The Carlton Screen Advertising intro, which is sadly now obsolete, also branded itself into my memory-- pun fully intended.

I developed a ritual: I would buy a medium-sized Coke and wait until the very first trailer to take my first sip. I never ate food in the cinema. Sometimes I would have a lemon-flavoured Lucozade while wandering around the shopping centre before the film. The cinema was about a twenty minute walk from my home, and I would always walk there and back.

I generally liked to go on a Saturday morning. I much prefer to go to the cinema in the daytime than at night. Walking out of the darkness into the daylight, with life still going on all around me, was a sensation that became familiar and then cherished. (Although I've only browsed it, I love the title Mornings in the Dark, a collection of Graham Greene film reviews.) Although morning has always remained my favourite time for cinema attendance, I did develop a habit (somewhere around 2004) of going on Friday nights, sometimes to premiers. I much prefer a sleepy, mostly-empty cinema to a crowded one, but a crowded one has its own pleasures.

It could be argued that cinema-going became compulsive to me, that it was simply a way of filling emptiness. I was single and in a steady but undemanding job. I didn't really have a social life. Aside from wanting to write (and I was writing), I had no real direction to my life.

But I really dislike that kind of assumption. I didn't go to the cinema because I had nothing better to do. I went to the cinema because I loved it, because it was an avenue to the sublime.

I felt a bit embarrassed because I was going on my own all the time, not having anybody to go with. I got so worked up about it that I imagined people assumed a man alone in a cinema was some kind of weirdo, and were looking askance at me.  I've changed my mind completely about this. Solitary cinema-going is the best form of cinema-going. Yes, talking about the movie afterwards is a pleasure of its own, but it's hard to really disappear into a film if you're always conscious of the person or people sitting next to you. Only, perhaps, if you go with a spouse or very close friend-- somebody you're not worried about impressing or entertaining-- can having company in the cinema not ruin the experience. Going to the cinema in a group is a travesty.

I also got a bit embarrassed and defensive about my cinema-going. Everybody at work would always ask me the same question: "Seen any movies lately?". I began to feel as though this was all anybody associated with me, that I had nothing else in my life. I even stopped going to the cinema for a period of months out of pure contrarianism, so that when people asked me "Seen any movies lately?", I could reply: "No". (Looking back, this was very silly. I realize now that everybody struggles to have anything to say to other people, and they're just grateful to have something, anything, to ask about.)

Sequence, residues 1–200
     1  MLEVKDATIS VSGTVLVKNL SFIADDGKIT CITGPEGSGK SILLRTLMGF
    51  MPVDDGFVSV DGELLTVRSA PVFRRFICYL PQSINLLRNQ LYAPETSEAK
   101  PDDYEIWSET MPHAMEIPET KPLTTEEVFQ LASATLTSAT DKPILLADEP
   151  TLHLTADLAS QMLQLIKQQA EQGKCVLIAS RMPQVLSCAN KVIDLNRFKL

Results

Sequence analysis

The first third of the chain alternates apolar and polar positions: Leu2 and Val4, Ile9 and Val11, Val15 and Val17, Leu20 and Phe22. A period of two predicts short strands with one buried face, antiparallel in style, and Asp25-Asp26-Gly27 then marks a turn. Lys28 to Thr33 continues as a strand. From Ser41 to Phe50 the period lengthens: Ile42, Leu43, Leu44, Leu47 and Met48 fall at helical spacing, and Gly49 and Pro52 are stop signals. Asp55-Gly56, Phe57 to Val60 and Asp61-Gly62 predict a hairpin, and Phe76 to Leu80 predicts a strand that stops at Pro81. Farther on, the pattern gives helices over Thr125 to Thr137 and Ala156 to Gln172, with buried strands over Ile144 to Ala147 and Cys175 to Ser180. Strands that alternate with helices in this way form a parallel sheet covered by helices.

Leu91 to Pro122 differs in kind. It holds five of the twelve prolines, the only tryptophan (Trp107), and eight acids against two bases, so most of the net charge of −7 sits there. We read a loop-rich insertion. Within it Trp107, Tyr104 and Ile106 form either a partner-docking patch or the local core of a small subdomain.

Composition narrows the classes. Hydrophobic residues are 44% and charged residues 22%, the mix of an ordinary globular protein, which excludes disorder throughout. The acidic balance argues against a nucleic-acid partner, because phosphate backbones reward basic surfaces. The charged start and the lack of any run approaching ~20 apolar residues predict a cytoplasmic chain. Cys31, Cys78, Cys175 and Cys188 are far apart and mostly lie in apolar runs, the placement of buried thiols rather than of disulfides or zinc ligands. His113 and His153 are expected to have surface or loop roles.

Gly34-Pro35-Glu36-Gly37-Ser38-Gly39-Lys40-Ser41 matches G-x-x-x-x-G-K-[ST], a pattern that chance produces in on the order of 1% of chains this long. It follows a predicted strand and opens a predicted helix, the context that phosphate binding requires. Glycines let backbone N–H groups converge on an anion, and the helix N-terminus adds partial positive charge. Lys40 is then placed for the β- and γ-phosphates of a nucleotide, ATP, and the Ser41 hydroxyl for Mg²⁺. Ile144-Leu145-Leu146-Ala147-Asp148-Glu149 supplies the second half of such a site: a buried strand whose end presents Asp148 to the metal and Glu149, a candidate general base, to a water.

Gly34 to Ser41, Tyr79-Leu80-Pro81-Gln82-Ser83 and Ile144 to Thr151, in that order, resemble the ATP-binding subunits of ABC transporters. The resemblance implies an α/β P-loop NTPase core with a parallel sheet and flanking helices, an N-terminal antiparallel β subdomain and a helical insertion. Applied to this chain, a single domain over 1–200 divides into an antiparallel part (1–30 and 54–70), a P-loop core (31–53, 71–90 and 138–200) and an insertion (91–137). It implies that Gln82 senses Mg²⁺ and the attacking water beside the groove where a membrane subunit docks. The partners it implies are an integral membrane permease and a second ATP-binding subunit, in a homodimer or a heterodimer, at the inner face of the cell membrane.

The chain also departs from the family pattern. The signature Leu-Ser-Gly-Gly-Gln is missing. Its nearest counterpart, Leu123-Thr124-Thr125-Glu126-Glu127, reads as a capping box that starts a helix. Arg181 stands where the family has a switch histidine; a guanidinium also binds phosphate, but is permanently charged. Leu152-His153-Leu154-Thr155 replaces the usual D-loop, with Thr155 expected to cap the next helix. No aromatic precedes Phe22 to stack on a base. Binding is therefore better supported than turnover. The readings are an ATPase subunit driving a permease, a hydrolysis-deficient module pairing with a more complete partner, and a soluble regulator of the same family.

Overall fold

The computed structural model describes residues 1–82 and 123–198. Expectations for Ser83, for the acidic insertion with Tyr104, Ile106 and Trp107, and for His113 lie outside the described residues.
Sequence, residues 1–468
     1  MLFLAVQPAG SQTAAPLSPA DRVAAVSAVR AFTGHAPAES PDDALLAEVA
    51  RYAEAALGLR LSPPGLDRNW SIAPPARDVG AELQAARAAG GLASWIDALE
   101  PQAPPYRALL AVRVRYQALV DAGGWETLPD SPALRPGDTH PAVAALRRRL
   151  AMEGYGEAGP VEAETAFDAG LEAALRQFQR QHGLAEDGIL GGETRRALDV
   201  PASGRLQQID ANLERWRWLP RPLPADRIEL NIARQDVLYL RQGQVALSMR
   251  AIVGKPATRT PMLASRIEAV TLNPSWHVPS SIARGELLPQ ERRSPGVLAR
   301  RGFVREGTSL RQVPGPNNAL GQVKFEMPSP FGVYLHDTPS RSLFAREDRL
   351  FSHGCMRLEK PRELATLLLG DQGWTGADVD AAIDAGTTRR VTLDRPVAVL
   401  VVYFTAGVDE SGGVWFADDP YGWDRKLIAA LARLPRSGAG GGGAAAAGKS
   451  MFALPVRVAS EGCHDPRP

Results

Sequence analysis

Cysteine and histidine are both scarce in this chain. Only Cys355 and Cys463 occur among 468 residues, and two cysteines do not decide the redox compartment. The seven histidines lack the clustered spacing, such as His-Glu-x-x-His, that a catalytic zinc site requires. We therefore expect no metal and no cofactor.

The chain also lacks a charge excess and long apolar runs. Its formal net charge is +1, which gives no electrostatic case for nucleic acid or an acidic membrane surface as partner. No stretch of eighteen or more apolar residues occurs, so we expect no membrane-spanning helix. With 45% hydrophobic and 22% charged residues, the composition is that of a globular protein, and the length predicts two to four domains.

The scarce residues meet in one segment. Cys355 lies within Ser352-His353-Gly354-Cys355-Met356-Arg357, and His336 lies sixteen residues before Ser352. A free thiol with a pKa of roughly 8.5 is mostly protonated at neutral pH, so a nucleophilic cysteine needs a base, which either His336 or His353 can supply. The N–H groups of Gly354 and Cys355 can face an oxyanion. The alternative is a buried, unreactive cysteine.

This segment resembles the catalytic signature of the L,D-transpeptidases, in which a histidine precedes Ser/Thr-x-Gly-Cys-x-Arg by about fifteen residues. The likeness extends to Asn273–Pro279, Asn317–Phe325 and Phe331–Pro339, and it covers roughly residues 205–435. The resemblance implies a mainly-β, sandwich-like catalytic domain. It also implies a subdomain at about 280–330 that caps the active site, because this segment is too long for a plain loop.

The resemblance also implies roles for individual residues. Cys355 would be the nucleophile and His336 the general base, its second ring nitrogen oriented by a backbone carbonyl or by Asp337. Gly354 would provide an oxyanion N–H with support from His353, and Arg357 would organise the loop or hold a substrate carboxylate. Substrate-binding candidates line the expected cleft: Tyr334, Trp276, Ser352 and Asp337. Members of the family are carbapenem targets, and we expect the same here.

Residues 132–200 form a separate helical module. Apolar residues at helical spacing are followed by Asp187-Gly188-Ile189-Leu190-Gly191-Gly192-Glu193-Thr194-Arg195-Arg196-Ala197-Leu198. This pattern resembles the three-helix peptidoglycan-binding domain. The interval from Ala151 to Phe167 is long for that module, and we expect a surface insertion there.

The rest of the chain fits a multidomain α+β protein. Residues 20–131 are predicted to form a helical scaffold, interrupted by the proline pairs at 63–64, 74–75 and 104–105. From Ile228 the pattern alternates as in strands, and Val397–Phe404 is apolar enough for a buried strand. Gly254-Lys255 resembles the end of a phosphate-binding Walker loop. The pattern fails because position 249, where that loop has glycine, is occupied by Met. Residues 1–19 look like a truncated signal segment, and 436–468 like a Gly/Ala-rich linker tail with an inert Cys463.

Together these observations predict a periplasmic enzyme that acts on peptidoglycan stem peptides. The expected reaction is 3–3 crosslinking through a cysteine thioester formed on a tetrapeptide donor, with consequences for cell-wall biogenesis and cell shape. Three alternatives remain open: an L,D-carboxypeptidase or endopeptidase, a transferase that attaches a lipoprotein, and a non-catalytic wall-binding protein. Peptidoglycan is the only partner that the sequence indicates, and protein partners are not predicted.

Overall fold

I went to see pretty much anything that was on. I would turn up at the cinema without any idea what was playing. I saw an awful lot of bad movies this way, but I also discovered some wonderful movies that were given a critical mauling, that I never would have tried if I was less adventurous in my cinema-going.

Sometimes I would even take days off work to see a particular movie; for instance, Quentin Tarantino's Kill Bill in 2003 (both instalments).

For a few months in 2005, I lodged in a house which was right next door to a cinema-- the Ormonde cinema in Stilorgan. As you can imagine, my cinema-going became particularly frequent at this time. The Ormonde had a very young clientele, and audience participation was intense. I particularly remember the film Red Eye, a thriller set on board an airplane, during which the hooting and screaming and laughing never seemed to stop. I enjoyed this greatly.

On about half-a-dozen occasions I've been the only person watching the movie. The first time this happened was The Alamo in 2004. It's a unique sensation.

The movies are a big, intense experience and they somehow bolster one's belief that life itself is a big, intense experience. They are a form of heightened, concentrated life. Maybe I overdid it-- I can remember how flat the experience sometimes became, during a particularly dull or clichéd movie-- but I don't really regret my cinemania, and I think it left a lasting legacy on my mind.

And I can't wait for the cinemas to re-open.

Friday, May 28, 2021

A Blog Post by My Father

My father, Peadar Kelly, died in May 2019. This is an article he wrote in The Ballymun News, a community newspaper (later magazine) that he edited and wrote (almost single-handedly) for almost thirty years. This article appeared in the November-December issue of 1996. I came across it when I was leafing through the few issues of the Ballymun News in my possession, and thought that it was worth sharing. Although it's specific to Ireland in the nineties, I think the same issues still apply in most Western countries today-- and further afield, for all I know.